In this FAQ section I have posted questions from e-mails I have recieved along with their responses, which contain a great deal of useful information. I have grouped it into two sections: one about growing goji berries (you can find more detailed information about growing goji berries here) and one about buying the juice and berries (if you are looking to buy goji juice check this page out for some product comparisons).
Growing Goji Berries
Q: I heard about goji berries recently and being somewhat of a gardener, was interested in finding what the feasibility of growing goji plants would be.
I live in Grayling Michigan and fortunately it seems like it might be a good spot to grow goji’s (comparatively) to the goji’s that come from the Himalayans… …Can you offer some direction as to where would be a good location to get authentic berries?
I’ve done searches on the internet but many places are into just promoting their berries among all others as ‘the best’ or ‘only authentic’.
Could you help an aspiring health brother out?
I’m not sure there is such a thing as unauthentic goji berries, just a bunch of companies trying to stand out and pretend they are special so that you will buy their berries. I personally wouldn’t buy from a company who claims they have something special unless they can prove it, and it doesn’t seem to me that any of them can. As for companies claiming that their berries are the only berries from Tibet, etc., I really don’t think it matters, and I think it depends on how rich the soil is which definitely doesn’t depend on the specific country or area they are grown, but on soil maintenance practices of the grower. Organic is better.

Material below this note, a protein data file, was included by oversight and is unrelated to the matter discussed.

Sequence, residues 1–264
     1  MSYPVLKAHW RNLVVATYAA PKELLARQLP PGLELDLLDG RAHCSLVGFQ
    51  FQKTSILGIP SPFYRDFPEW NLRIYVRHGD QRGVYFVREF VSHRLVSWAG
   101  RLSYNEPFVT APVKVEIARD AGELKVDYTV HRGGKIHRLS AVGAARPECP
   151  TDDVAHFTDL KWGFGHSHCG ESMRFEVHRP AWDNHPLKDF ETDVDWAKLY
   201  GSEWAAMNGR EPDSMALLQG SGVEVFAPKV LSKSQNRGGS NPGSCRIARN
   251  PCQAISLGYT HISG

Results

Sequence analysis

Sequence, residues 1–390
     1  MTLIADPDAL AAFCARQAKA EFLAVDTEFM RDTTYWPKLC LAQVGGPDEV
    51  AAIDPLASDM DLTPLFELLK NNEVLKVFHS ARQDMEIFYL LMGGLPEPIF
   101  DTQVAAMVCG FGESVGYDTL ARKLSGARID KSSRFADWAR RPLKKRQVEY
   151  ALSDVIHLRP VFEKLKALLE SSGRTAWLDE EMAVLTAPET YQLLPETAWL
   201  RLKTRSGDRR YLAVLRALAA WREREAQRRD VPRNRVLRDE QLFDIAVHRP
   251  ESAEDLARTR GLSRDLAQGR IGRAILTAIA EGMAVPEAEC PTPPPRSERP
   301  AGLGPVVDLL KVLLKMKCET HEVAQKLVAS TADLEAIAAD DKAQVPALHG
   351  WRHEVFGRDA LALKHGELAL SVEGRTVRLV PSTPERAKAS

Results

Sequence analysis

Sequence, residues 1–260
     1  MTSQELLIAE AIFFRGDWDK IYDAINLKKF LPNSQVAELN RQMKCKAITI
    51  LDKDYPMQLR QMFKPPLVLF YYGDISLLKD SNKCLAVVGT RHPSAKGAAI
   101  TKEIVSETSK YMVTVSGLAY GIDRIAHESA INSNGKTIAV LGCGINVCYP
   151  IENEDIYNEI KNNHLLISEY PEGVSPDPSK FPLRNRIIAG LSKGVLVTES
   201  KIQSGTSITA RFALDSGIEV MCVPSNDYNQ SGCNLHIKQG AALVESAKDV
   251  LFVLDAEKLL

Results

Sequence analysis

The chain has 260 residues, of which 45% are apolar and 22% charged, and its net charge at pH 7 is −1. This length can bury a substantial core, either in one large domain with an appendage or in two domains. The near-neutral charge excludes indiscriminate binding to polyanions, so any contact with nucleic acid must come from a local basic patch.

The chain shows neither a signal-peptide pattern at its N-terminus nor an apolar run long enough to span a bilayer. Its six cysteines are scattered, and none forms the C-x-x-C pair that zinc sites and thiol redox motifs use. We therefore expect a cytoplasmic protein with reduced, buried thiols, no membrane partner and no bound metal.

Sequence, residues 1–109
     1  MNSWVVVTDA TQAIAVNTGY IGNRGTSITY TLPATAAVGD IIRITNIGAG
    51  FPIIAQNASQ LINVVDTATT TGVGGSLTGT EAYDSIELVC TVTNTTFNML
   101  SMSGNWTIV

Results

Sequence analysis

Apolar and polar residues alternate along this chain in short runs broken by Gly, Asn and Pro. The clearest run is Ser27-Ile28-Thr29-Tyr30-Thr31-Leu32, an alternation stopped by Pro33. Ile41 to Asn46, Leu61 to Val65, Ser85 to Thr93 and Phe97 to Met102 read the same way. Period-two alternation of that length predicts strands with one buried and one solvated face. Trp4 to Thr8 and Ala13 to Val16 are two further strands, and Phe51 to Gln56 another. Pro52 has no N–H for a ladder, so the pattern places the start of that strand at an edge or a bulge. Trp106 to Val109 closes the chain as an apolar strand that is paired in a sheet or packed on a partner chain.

Additionally, there are companies who claim they are the only supplier of berries from Tibet, and other companies who claim they also get their berries from there, so who do you believe? In terms of getting seeds, however, it doesn’t matter so much, except that organic is always better. They sell seeds various places but you can always just buy shade dried berries (or perhaps even sun dried) and pick the seeds out. The plants are hardy to zone 5, maybe even 4 (I’ve been growing them in zone 5 for three years now). Hope this helps!
Q: Hi, thanks for the seeds. Unfortunately they didn’t grow?
A: You haven’t waited long enough yet, be patient. It could take weeks, and I only just sent them a little over a week ago. You just have to keep the soil evenly moist but not soggy, and don’t disturb the soil (use a spray bottle set to mist). It is also best to use a light-weight soil mix, preferably even one specifically for seeding.
Q: I live in FL and want to grow my own berries. Are the seeds in the dried berries good to plant? How do I make sure I always have the proper amount of nutrients in the soil?
A: There are maybe 20 or 30 seeds in every berry, and out of the seeds I’ve planted, about 75% of them have germinated. If you make sure to add organic matter to the soil (perhaps taking a little soil off the top and replacing) once or twice a year, your berries should be good. They don’t need any chemical fertilizer. Vermiculite, rotted manuar, and compost are best, but the plants do best in “moderately fertile soil”.
Buying Goji Juice / Berries
Q: … I’ve done searches on the internet but many places are into just promoting their berries among all others as ‘the best’ or ‘only authentic’.
A: See the first question in the Growing Goji Berries area above, as part of this question applied to both areas.